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Preliminaries

RAM Model. The Random Access Machine (RAM) model consists of a CPU and a memory storage of size n. The CPU executes a program that can access the memory by using Read(r) and Write(r, val) operations, where r ∈ [n] is an index to a memory location. The access pattern of the program is the sequence of reads and writes it makes to the memory, including both the data and the memory locations. In an actual implementation of a RAM, the CPU is a protected local device (possibly probabilistic) that internally has a small number of registers, performs basic arithmetic operations, and has access to an external device that simulates the memory (e.g., a physical memory device). We say that a simulation is a secure Oblivious RAM if for any two access patterns in ideal RAM, the corresponding access patterns in the simulation are computationally indistinguishable. Hash Functions. Throughout this paper, as well as in prior works, a hash function is considered to be a random oracle or a pseudo-random function family {Fk }. The domain of this hash function is typically taken to be [n] along with some dummy values, and the range of these hash functions are indices of hash-tables of size at most O(n). The key property that we need from these hash functions are that they behave like independent random functions, rather than any particular cryptographic feature such as resistance to finding pre-images. These hash functions are used for the hash-tables (standard hashing with buckets or cuckoo hashing, as described next) in the hierarchical solution. Cuckoo Hashing. Cuckoo hashing is a hash-table data-structure introduced by Pagh and Rodler [19]. The salient property of cuckoo hashing is that an element x can only live in one of two locations. The scheme uses two hash functions h1 and h2 and x can only reside in h1 (x) or h2 (x). When an element is inserted, it is always inserted in the first location, kicking out any previous occupant. The kicked out element is then moved to its other location, possibly kicking out another element. This process continues until no element is kicked out, or it runs too long, in which case new hash functions are chosen and the entire table is rehashed. It was shown that, if the number of elements is at most a constant fraction (say 50%) of the table size, then the probability of requiring a rehash is small enough so that an insert takes O(1) amortized time. Subsequent works, such as [2], have shown how to de-amortize cuckoo hashing. An important variant of cuckoo hashing is cuckoo hashing with a stash. Introduced by Kirsch et al. [15], a stash of size s is added to the cuckoo hash-table to deal with overflows. The work shows that, if a constant size stash is used, then inserting n elements into a cuckoo hash-table of Θ(n) size will succeed with all but O(n−s ) probability. Goodrich and Mitzenmacher [12] showed that, if the size of the table is m = Ω(log7 n) and the stash size is s = O(log n), then the probability of success (in inserting m/2 elements into the table) is all but negligible in n. We note that although, in general, cuckoo hash-tables are dynamic, for oblivious RAM we only use them in a static manner, i.e. all the elements to be inserted into the table are always known ahead of time. Bloom Filters. A Bloom Filter [3] is a data-structure to determine set membership. It consists of an array of bit flags, all initially set to zeros, along with a set of hash functions h1 , . . . , hn . When element x is being 5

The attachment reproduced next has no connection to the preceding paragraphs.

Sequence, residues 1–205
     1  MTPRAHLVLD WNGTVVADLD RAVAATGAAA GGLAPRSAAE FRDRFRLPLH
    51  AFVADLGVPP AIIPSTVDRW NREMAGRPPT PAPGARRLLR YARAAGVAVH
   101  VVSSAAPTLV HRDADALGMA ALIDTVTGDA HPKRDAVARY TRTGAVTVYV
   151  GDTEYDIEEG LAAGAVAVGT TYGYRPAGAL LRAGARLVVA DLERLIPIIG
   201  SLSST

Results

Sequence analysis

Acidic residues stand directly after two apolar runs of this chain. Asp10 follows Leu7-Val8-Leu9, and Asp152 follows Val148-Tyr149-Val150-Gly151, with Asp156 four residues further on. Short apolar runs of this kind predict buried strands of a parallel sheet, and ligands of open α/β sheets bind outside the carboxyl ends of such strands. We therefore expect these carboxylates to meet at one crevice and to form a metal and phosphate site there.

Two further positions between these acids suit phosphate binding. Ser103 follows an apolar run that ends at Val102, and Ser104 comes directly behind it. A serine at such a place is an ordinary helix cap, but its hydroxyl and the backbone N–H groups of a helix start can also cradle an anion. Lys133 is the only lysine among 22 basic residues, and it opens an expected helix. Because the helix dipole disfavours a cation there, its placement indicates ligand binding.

inserted, compute h1 (x), . . . , hn (x) and set the bit flags corresponding to those locations to 1. When we want to test whether or not some element x0 is present, we compute h1 (x0 ), . . . , hn (x0 ) and check if all bit flags are set to 1. This method of testing can possibly lead to false positives; as we shall see in Section 4, this can lead to insecurity in Oblivious RAM schemes that employ Bloom filters.